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A potential client is planning to do penetration testing on our SaaS.

Is it standard or fair for us to request things like the following?

  • An NDA from the pen tester
  • Details on who is performing the test (e.g., verifying they are accredited)
  • Restrictions (like no social engineering, DoS attack, etc.)
  • Targeting a staging server instead of production
  • A copy of the full report
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    Do you already, maybe on a regular basis, perform independent pen tests on your SAAS? If yes, did you ask the question to the potential client whether they might be OK with a report from these pen tests of yours? – Laurent S. Nov 20 '20 at 15:42
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Non-Disclosure Agreements

A NDA is a fairly standard thing in most penetration tests. No serious penetration tester will protest against an NDA.

The company conducting the penetration test may later approach you and ask you for your permissions to anonymously talk about the findings at your company for educational purposes, which you can always deny if you feel it would harm your business.

This could look like "In a penetration test for ACME Corp., we were tasked with testing a SaaS solution. During the test, we found that ..."

Details on who is performing the test

It makes sense to know who the actual testers are, just in case you need to contact them directly for one reason or another. However, you should keep in mind that not all penetration testers have certifications yet, especially those who just started out. So it could very well be that a company may decide to also assign a newly hired penetration tester to the project so they get more experience, in addition to an already experienced team.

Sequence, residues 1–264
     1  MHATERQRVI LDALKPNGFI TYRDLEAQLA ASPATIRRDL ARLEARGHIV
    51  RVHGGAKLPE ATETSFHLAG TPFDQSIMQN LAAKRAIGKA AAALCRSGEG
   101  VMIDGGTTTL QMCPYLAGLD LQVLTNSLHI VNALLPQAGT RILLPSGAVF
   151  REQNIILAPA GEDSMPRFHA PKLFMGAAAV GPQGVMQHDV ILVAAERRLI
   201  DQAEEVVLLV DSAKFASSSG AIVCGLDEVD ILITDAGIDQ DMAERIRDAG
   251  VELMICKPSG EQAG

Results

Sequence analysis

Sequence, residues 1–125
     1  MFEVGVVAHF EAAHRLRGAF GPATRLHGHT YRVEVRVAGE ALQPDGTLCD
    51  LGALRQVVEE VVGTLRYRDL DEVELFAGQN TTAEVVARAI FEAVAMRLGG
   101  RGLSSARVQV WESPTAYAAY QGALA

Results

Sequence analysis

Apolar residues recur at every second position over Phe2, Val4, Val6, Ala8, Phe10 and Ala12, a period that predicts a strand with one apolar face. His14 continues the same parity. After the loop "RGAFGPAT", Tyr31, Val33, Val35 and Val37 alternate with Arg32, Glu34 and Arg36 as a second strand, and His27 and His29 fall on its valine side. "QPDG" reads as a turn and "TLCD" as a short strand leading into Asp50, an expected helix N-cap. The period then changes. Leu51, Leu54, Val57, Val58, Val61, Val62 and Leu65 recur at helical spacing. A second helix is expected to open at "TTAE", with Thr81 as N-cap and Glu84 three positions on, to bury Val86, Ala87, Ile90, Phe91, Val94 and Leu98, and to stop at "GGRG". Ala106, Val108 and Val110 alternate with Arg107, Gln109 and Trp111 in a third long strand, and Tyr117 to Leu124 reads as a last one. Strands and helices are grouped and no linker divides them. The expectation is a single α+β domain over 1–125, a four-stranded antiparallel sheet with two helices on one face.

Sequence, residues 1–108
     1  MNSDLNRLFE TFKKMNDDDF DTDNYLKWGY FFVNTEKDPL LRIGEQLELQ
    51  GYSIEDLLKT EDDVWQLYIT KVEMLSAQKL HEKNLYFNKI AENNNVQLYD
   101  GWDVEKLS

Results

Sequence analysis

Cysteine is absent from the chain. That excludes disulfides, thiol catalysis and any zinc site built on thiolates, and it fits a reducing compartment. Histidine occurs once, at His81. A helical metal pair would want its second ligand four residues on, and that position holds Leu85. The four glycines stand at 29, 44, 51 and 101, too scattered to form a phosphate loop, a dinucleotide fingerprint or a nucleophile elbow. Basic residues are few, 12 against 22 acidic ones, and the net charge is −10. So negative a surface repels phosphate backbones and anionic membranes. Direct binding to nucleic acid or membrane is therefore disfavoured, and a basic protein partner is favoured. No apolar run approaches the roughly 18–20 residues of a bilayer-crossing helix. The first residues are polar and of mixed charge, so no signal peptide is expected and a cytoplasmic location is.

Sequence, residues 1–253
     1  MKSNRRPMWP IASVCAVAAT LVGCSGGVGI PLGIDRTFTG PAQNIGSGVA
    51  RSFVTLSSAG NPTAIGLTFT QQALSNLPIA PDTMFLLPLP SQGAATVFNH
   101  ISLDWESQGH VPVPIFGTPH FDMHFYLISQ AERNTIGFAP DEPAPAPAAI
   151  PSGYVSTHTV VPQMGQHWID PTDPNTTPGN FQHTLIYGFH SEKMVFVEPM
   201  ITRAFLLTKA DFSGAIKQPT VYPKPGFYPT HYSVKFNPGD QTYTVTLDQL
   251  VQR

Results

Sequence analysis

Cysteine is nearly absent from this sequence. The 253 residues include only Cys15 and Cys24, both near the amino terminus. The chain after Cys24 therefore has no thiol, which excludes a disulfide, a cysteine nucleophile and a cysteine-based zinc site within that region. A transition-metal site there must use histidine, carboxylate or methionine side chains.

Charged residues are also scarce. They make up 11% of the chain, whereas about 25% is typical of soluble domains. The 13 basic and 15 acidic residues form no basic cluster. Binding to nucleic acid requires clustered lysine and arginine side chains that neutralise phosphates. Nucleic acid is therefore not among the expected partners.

Restricted Scope

This is also very usual to see in penetration test projects. It's up to you to define the scope of the assessment, and as such also what kinds of tests a penetration tester is allowed to perform.

Testing Environment

Again, the scope is up to you. If you say you would rather offer a staging server than production, that is very reasonable. In fact, I always prefer testing on staging than on production environments, because I don't want to be the reason thousands of customers suddenly can't access their software anymore, simply because some exploit code I ran crashed a machine by accident.

A copy of the report

That's another reasonable request to make. In fact, you're getting a penetration test done on your software and you don't even have to pay for it. That's a win for you!

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  • What @MechMK1 said above, plus make them inform you and settle on a specific IP or set of IPs that the test will be launched from, timing of tests, and of course as mentioned, scope of testing. If the pentester is worth his snuff, he should be approaching you with an approval document (get out of jail free card) that will explain all of the above detail. – SysRisk Nov 20 '20 at 3:55
  • The "approval document" you speak of is called "Permission to Attack" and it has to be signed by the system owner (OP in this case) anyways. – MechMK1 Nov 20 '20 at 11:27